President Obama’s cyber-security deal with China is beginning to look a lot like his Iran nuke deal: Obama makes loud pronouncements about a new era of mutual understanding and cooperation, while his partners-in-peace stab him in the back.
China waited less than 24 hours to resume hacking U.S. companies after Obama and President Xi Jinping announced a new era of mutual commitment to data security, according to research from a security firm called CrowdStrike, as reported by The Hill.
“The very first intrusion conducted by China-affiliated actors after the joint Xi-Obama announcement at the White House took place the very next day – Saturday, Sept. 26,” CrowdStrike CEO Dimitri Alperovitch wrote on his blog.
Alperovitch went on to say that most of these new hacking targets were technology and pharmaceutical firms, suggesting the intrusions were meant to “facilitate theft of intellectual property and trade secrets, rather than to conduct traditional national-security related intelligence collection, which the agreement does not prohibit.”
He suggested that the Chinese might need more time to ramp down their militarized hacking operations, which seems like an odd contention, given that China is an authoritarian regime – if the big bosses of the Politburo tell their underlings to stop hitting American targets, they stop – and also that China knew for some time that Obama wanted to use Xi’s visit to declare a cyber-war truce. The hacking squads of the People’s Liberation Army could not have been taken completely by surprise when Obama and Xi made their announcement. China had plenty of time beforehand to trim the hacking back.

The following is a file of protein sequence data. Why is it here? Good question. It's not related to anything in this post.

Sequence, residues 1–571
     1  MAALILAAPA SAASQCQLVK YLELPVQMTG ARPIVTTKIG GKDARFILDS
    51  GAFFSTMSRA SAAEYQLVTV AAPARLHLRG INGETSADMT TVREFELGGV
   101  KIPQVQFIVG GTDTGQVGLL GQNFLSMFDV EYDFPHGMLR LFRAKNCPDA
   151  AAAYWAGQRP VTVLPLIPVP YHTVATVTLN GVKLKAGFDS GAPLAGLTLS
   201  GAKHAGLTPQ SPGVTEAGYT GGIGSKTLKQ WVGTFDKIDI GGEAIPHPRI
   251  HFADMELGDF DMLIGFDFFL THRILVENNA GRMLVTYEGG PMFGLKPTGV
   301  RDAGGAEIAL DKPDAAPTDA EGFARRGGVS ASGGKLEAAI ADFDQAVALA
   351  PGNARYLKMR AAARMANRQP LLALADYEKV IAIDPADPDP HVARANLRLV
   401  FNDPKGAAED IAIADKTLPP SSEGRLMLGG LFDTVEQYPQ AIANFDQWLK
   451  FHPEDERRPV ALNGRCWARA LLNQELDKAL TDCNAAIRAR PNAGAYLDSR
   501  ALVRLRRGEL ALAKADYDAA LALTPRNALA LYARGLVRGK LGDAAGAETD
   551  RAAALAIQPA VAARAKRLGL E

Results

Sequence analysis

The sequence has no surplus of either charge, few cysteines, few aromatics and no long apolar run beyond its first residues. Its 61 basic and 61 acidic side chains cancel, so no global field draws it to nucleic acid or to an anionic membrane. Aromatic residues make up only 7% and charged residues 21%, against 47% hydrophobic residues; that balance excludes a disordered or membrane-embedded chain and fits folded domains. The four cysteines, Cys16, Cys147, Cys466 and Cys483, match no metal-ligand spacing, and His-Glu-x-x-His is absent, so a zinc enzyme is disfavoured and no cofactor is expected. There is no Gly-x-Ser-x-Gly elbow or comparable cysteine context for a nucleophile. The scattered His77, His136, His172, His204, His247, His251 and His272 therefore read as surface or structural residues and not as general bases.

Their failure to do so might be taken as a sign that the Politburo has somewhat limited control over the hacking groups it uses for the worst of dirty work. China likes to maintain the fiction that the hackers are rogues acting beyond government control, although The Hill notes they had no problem working up a few arrests last week of “cyber thieves” identified by the U.S. government, in what supposed to be a show of good faith.
Some analysts think the most active Chinese hackers are semi-rogue operations, directed and sponsored by Beijing but kept at plausibly-deniable arm’s length. Others believe even that is a fiction, and the PLA has direct control over the hackers. The group fingered by CrowdStrike as the culprits behind some of the latest raids, “Deep Panda,” is often depicted as linked to the Chinese government without being micro-managed by them.
There is no reason to soft-pedal what these attacks represent. So far, it looks like Obama’s agreement with Xi was just for show. Obama loves to talk tough and pat himself on the back for intimidating the Chinese into good behavior, such as his post-agreement declaration that he would be “watching carefully to make an assessment as to whether progress has been made in this area.”
In truth, Beijing clearly sees no need to make any “progress” beyond tagging and bagging a couple of disposable hackers to reinforce its long-standing narrative about how it hates cyber-espionage more than anyone… while its campaign of cyber-espionage continues unabated.
Xi knows Obama has neither the inclination, nor political stature, to make his big splashy announcements look foolish by calling China out, and there isn’t much he would be prepared to do about it anyway. China has only to look at Iran to see how seriously an Obama sanctions threat should be taken.
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